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During his years with the Jaguars, Lions and Cowboys, Durant proved good enough to play each of the three linebacker positions in a 4­3 defense, and athletic enough to play nickel defense from sideline to sideline. Unfortunately, he's missed a total of 16 games in the last two seasons, including 10 games in 2014 with a torn bicep, but when he's healthy, Durant is a perfect addition to a Quinn­led defense that demands that its linebackers fly around the field with abandon. Durant amassed 49 tackles in just six games before last year's injury, and if he can keep that pace all the way through the 2015 season, he'll make his three­year, $10.8 million contract look like a relative bargain.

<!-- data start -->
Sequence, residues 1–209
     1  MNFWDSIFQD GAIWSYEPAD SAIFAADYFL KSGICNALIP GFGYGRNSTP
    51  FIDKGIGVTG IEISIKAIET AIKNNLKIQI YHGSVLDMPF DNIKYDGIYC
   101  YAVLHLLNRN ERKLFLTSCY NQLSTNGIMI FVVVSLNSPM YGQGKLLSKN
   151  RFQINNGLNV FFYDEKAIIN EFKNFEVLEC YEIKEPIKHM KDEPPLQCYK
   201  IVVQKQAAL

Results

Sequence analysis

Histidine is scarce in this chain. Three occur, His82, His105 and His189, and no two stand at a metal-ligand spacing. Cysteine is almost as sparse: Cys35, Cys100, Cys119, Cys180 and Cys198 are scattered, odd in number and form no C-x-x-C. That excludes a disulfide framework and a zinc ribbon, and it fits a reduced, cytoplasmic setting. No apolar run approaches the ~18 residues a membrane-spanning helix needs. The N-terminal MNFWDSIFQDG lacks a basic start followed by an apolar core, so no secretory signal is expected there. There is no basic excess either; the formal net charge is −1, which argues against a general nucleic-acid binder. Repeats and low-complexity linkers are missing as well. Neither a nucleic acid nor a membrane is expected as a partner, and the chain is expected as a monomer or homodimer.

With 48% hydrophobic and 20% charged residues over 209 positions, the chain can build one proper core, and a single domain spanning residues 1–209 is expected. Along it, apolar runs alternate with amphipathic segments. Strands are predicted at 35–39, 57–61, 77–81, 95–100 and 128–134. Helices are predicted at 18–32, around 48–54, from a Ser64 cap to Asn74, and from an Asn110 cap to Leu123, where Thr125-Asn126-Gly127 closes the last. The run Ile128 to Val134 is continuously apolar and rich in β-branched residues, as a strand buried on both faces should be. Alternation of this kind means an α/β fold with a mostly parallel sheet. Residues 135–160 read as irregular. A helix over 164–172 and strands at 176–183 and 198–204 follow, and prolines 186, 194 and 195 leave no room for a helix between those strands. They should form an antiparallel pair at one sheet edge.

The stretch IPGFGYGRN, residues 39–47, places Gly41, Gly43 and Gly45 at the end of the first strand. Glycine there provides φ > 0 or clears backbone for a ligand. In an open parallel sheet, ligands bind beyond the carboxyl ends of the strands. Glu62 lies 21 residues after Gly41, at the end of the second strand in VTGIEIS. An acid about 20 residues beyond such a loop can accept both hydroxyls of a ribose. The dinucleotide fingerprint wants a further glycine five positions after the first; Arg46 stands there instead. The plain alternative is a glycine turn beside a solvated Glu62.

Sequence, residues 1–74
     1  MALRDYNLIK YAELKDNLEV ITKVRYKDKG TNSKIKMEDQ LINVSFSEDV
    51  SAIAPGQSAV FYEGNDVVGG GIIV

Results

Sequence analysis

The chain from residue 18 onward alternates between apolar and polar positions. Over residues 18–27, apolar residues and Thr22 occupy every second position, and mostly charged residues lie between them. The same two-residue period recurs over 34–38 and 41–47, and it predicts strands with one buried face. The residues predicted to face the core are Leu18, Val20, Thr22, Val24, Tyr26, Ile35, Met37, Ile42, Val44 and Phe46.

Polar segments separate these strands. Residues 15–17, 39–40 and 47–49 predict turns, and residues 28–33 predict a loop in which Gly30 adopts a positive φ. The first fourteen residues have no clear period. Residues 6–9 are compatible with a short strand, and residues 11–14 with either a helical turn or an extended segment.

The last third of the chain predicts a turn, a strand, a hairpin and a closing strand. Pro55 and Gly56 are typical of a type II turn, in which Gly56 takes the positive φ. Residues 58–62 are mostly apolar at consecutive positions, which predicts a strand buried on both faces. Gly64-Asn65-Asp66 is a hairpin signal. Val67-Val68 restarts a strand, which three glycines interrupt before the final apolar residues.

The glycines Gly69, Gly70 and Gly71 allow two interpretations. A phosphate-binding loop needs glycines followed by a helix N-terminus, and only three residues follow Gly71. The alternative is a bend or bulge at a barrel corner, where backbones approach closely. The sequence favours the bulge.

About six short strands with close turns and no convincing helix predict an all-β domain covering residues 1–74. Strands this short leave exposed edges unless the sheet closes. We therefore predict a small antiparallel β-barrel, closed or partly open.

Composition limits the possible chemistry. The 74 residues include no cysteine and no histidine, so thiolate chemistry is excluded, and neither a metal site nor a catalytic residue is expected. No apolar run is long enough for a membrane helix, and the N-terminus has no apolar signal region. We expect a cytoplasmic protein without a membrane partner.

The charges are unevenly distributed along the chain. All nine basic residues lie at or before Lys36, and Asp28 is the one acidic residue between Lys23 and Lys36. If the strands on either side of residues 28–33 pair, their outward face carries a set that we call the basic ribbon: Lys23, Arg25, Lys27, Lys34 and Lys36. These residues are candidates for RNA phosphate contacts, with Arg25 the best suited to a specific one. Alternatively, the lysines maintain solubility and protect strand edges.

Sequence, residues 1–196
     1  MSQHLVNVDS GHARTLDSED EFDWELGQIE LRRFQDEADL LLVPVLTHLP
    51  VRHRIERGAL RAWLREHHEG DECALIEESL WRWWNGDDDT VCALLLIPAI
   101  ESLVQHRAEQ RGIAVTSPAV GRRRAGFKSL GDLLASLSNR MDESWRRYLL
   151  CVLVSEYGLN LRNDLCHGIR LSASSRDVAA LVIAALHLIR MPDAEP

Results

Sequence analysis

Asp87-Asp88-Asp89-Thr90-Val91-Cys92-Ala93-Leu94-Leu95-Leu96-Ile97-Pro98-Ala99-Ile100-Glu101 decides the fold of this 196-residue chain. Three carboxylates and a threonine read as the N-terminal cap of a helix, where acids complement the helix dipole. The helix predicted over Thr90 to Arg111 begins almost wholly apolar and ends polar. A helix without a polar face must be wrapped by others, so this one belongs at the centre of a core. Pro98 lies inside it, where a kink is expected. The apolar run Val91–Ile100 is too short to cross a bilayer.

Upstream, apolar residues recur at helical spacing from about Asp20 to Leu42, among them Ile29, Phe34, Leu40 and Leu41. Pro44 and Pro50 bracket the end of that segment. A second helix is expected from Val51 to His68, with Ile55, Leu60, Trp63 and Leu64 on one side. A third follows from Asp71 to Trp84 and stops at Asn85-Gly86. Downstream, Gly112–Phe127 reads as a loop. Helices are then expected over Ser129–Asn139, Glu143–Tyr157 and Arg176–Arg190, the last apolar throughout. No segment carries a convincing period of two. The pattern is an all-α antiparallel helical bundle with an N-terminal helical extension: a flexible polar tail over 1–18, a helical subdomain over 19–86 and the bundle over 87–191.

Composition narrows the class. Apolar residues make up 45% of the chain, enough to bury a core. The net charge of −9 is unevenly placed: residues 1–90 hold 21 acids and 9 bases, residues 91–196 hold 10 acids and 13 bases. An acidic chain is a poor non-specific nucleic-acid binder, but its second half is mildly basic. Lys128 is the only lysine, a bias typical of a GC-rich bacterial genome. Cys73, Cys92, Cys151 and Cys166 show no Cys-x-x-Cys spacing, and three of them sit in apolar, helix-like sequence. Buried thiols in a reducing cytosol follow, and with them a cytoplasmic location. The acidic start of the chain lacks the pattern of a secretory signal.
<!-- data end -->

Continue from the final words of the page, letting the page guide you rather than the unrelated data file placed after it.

Biggest loss: Corey Peters, DT

Peters got a three­year, $10.5 million contract to play for the Cardinals in the off­season, which was a shame for Quinn, as Peters would have been an ideal undertackle in Quinn's fronts. Last season, Peters amassed two sacks, four quarterback hits and 15 hurries to go along with his 26 total tackles and 17 stops. Peters was even more effective in 2013, when the defense around him wasn't one of the worst in the league, and he'll be a key cog in Arizona's defensive fronts.

Underrated draft pick: Grady Jarrett, DT, Clemson (137th overall pick)